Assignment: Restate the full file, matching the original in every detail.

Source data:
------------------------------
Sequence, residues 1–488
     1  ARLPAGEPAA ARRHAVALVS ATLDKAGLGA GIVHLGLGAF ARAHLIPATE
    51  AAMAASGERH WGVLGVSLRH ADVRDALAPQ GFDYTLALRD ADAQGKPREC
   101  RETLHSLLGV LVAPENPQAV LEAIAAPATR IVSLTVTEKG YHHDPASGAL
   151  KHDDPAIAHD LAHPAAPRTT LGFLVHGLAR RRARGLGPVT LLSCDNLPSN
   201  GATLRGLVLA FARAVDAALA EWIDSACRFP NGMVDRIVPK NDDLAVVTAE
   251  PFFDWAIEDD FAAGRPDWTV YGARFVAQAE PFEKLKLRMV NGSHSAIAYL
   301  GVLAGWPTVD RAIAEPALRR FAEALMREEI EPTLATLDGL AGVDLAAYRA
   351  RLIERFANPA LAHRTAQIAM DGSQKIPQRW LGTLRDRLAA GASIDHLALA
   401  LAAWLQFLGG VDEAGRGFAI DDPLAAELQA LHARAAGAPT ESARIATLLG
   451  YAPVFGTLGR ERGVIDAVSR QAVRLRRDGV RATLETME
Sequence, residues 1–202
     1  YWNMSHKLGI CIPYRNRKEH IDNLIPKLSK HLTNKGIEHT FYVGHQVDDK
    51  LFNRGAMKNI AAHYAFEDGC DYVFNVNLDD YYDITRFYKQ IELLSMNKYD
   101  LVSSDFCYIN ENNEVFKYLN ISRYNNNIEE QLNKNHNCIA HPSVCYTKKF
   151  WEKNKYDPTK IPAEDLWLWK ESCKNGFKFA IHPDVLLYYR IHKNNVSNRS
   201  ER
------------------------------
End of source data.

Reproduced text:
Sequence, residues 1–488
     1  ARLPAGEPAA ARRHAVALVS ATLDKAGLGA GIVHLGLGAF ARAHLIPATE
    51  AAMAASGERH WGVLGVSLRH ADVRDALAPQ GFDYTLALRD ADAQGKPREC
   101  RETLHSLLGV LVAPENPQAV LEAIAAPATR IVSLTVTEKG YHHDPASGAL
   151  KHDDPAIAHD LAHPAAPRTT LGFLVHGLAR RRARGLGPVT LLSCDNLPSN
   201  GATLRGLVLA FARAVDAALA EWIDSACRFP NGMVDRIVPK NDDLAVVTAE
   251  PFFDWAIEDD FAAGRPDWTV YGARFVAQAE PFEKLKLRMV NGSHSAIAYL
   301  GVLAGWPTVD RAIAEPALRR FAEALMREEI EPTLATLDGL AGVDLAAYRA
   351  RLIERFANPA LAHRTAQIAM DGSQKIPQRW LGTLRDRLAA GASIDHLALA
   401  LAAWLQFLGG VDEAGRGFAI DDPLAAELQA LHARAAGAPT ESARIATLLG
   451  YAPVFGTLGR ERGVIDAVSR QAVRLRRDGV RATLETME
Sequence, residues 1–202
     1  YWNMSHKLGI CIPYRNRKEH IDNLIPKLSK HLTNKGIEHT FYVGHQVDDK
    51  LFNRGAMKNI AAHYAFEDGC DYVFNVNLDD YYDITRFYKQ IELLSMNKYD
   101  LVSSDFCYIN ENNEVFKYLN ISRYNNNIEE QLNKNHNCIA HPSVCYTKKF
   151  WEKNKYDPTK IPAEDLWLWK ESCKNGFKFA IHPDVLLYYR IHKNNVSNRS
   201  ER